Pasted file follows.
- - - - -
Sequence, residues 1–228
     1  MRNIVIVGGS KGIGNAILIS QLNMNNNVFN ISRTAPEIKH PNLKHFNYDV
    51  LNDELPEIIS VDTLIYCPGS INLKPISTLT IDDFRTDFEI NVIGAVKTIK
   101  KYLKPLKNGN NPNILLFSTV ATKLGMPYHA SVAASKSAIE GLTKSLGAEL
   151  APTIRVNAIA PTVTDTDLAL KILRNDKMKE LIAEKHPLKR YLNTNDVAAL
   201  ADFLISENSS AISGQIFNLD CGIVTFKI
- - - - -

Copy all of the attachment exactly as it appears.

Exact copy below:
Sequence, residues 1–228
     1  MRNIVIVGGS KGIGNAILIS QLNMNNNVFN ISRTAPEIKH PNLKHFNYDV
    51  LNDELPEIIS VDTLIYCPGS INLKPISTLT IDDFRTDFEI NVIGAVKTIK
   101  KYLKPLKNGN NPNILLFSTV ATKLGMPYHA SVAASKSAIE GLTKSLGAEL
   151  APTIRVNAIA PTVTDTDLAL KILRNDKMKE LIAEKHPLKR YLNTNDVAAL
   201  ADFLISENSS AISGQIFNLD CGIVTFKI